Reuters is reporting that on Wednesday, 1,500 people looted and burned Chinese-owned buildings in Honiara, the capital city of the Solomon Islands. The ostensible reason: a widespread perception that the newly elected prime minister, Snyder Rini, is beholden to Taiwanese money.
Taiwan has long given the Solomon Islands millions of dollars of aid as part of its ongoing "checkbook diplomacy" rivalry with mainland China, but one local politician has charged that much of that aid comes in the form of under-the-table payoffs to government officials and legislators. The Taiwanese ambassador to the Solomons is denying the accusations, but there's little doubt that the nation's leaders have been living off Taiwanese largesse for decades.
Only 25 nations, worldwide, still have formal relations with Taiwan. But diplomatically speaking, the South Pacific is the world's most unstable region for China and Taiwan. Six of the 14 members of the Pacific Islands Forum officially recognize Taiwan; the other eight recognize China. But they've been known to switch sides on a dime if someone offers a better deal. Kiribati, for example, used to recognize mainland China, but now recognizes Taiwan.
For Taiwan, the struggle to hold on to its few remaining bought-and-paid-for friends is a desperate attempt to maintain "face" on the world stage as it stokes its infinitesimal hopes of rejoining the United Nations. But for mainland China, the stakes are different. The global balance of power in the Pacific is beginning to shift.
According to one analysis, the United States is gradually withdrawing its once dominant presence in the South Pacific. "In the 1990s Washington closed its U.S. Information Agency offices and its USAID (United States Agency for International Development) Regional Development Office and ended the Fulbright study exchange program in the region. The number of Peace Corps missions in the South Pacific has been halved since 1995," writes Tamara Renee Shie, a specialist in East Asian security issues. Meanwhile, China is flexing its new muscles, seeking access to mining resources in Papua New Guinea and fisheries elsewhere across the South Pacific.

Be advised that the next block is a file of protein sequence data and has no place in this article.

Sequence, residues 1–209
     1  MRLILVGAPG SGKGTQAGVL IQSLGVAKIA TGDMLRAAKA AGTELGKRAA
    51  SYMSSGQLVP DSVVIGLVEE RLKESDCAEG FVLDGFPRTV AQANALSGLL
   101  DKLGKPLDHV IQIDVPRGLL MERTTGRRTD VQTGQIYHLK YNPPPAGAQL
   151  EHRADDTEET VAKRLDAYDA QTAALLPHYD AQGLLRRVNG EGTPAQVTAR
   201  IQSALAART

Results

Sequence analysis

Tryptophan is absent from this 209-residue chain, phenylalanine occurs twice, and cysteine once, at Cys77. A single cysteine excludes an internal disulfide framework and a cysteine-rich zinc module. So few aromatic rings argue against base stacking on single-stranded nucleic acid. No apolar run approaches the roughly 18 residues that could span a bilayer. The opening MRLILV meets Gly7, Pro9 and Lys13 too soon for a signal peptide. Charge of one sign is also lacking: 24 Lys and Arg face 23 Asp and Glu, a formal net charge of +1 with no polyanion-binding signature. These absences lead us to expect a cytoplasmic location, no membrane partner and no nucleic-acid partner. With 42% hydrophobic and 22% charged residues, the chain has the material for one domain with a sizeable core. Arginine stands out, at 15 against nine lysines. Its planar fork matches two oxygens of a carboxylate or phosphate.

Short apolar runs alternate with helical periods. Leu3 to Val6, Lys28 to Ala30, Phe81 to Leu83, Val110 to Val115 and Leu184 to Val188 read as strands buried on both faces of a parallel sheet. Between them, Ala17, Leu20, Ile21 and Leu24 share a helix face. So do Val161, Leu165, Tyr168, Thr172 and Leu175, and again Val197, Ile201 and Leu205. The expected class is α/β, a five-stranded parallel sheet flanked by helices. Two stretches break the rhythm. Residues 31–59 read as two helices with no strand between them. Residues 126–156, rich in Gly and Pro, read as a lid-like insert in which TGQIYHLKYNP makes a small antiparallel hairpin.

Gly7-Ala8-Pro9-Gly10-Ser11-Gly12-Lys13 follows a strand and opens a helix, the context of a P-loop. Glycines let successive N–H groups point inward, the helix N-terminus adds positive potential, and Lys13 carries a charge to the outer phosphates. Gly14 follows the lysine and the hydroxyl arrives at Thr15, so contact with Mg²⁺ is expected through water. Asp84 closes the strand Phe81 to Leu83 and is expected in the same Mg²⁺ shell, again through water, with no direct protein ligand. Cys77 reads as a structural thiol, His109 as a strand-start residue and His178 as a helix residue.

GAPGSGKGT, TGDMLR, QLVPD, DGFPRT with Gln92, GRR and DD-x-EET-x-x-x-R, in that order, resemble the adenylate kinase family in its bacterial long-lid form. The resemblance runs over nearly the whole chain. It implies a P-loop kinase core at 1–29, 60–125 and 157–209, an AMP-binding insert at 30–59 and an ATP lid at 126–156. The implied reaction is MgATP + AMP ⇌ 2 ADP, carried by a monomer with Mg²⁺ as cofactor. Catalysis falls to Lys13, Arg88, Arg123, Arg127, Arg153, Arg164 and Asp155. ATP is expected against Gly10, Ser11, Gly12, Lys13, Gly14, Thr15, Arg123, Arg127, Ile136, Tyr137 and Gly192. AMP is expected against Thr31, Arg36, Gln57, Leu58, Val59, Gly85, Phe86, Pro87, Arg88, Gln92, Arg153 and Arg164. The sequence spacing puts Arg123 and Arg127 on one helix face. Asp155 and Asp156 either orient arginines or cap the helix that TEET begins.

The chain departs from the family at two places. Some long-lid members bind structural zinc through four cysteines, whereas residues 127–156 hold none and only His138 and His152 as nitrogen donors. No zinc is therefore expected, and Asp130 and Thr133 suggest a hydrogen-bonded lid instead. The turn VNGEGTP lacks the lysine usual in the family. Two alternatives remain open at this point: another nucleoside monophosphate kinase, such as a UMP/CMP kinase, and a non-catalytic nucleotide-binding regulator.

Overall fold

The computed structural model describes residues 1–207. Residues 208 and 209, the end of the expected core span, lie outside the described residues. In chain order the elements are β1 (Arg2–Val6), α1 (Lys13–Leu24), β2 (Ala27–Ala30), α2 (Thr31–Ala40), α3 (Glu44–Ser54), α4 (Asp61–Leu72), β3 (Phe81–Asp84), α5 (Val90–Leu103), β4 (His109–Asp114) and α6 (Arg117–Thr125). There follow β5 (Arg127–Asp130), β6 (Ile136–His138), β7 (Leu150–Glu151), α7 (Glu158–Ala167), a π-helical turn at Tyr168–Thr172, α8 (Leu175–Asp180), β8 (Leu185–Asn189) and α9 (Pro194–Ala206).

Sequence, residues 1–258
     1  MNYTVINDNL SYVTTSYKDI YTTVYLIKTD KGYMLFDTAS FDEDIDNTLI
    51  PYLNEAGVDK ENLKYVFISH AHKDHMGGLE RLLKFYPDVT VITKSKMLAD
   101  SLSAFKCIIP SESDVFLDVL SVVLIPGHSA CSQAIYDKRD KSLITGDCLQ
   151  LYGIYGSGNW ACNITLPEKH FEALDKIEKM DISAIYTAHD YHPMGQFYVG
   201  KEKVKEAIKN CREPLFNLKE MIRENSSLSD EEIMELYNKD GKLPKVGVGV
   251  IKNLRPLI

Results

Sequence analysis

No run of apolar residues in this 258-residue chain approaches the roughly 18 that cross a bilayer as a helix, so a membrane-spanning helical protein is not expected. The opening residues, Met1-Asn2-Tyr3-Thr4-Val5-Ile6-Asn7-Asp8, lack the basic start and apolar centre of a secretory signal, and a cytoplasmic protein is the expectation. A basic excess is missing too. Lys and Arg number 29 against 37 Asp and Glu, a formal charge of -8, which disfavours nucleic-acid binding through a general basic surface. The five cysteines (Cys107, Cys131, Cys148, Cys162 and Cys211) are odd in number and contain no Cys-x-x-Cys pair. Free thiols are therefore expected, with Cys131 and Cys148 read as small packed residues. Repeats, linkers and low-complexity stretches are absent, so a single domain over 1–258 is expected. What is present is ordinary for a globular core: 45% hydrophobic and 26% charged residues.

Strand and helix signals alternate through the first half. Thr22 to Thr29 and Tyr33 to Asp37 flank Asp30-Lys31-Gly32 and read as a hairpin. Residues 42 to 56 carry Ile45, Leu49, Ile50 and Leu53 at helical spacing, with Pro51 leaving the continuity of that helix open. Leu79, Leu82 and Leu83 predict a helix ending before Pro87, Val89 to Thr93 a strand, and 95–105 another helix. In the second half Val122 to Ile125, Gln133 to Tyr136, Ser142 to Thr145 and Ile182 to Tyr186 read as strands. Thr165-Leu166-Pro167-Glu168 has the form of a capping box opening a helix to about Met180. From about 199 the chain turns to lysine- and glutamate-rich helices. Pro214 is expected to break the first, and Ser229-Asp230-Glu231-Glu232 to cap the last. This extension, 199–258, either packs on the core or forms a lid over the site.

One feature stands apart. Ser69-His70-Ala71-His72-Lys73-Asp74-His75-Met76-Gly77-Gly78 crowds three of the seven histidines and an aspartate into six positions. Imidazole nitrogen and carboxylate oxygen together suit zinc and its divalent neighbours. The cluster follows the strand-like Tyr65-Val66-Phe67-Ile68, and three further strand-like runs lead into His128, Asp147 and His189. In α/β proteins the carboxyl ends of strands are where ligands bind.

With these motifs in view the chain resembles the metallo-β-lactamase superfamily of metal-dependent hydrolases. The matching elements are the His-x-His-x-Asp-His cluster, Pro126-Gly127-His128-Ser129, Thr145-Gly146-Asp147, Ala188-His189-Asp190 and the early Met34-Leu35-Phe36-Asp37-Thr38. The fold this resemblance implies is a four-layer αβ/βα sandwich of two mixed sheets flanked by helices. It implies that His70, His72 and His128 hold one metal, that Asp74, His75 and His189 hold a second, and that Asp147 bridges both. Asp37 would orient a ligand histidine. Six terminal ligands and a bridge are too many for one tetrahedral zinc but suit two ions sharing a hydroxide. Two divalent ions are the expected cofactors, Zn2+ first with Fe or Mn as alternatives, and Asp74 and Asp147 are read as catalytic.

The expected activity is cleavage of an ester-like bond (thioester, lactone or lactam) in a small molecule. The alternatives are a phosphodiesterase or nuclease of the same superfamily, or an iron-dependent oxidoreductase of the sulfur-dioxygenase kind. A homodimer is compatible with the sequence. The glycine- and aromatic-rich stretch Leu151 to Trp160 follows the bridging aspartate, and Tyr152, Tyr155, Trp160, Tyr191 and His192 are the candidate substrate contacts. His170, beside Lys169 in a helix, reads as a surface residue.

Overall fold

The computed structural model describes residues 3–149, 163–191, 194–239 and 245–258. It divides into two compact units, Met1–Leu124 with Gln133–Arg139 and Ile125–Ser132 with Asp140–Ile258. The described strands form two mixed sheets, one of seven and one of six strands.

When I lived in Taiwan in the 1980s, it was commonplace to hear people say "The 21st century will belong to China." China's increasing clout and economic presence in the South Pacific is proof that their grandiosity was not so farfetched. But that adds a whole separate angle from which to view the violence in the Solomons. According to the Taiwanese ambassador, the businesses and homes destroyed in the rioting belonged to immigrants from mainland China, not Taiwan, raising uncomfortable memories of ethnic violence against overseas Chinese communities in Indonesia and elsewhere in Southeast Asia that have little to do with the niceties of who is formally recognizing who. People obviously have a right to be upset if Taiwanese "dirty money" is buying off corrupt legislators in the Solomons. But the more pertinent motivation that is impelling people to violence may be the fear of being absorbed into a new Chinese hegemony, which is one reason why the sound of rioting in the Solomons is no doubt echoing all over Asia.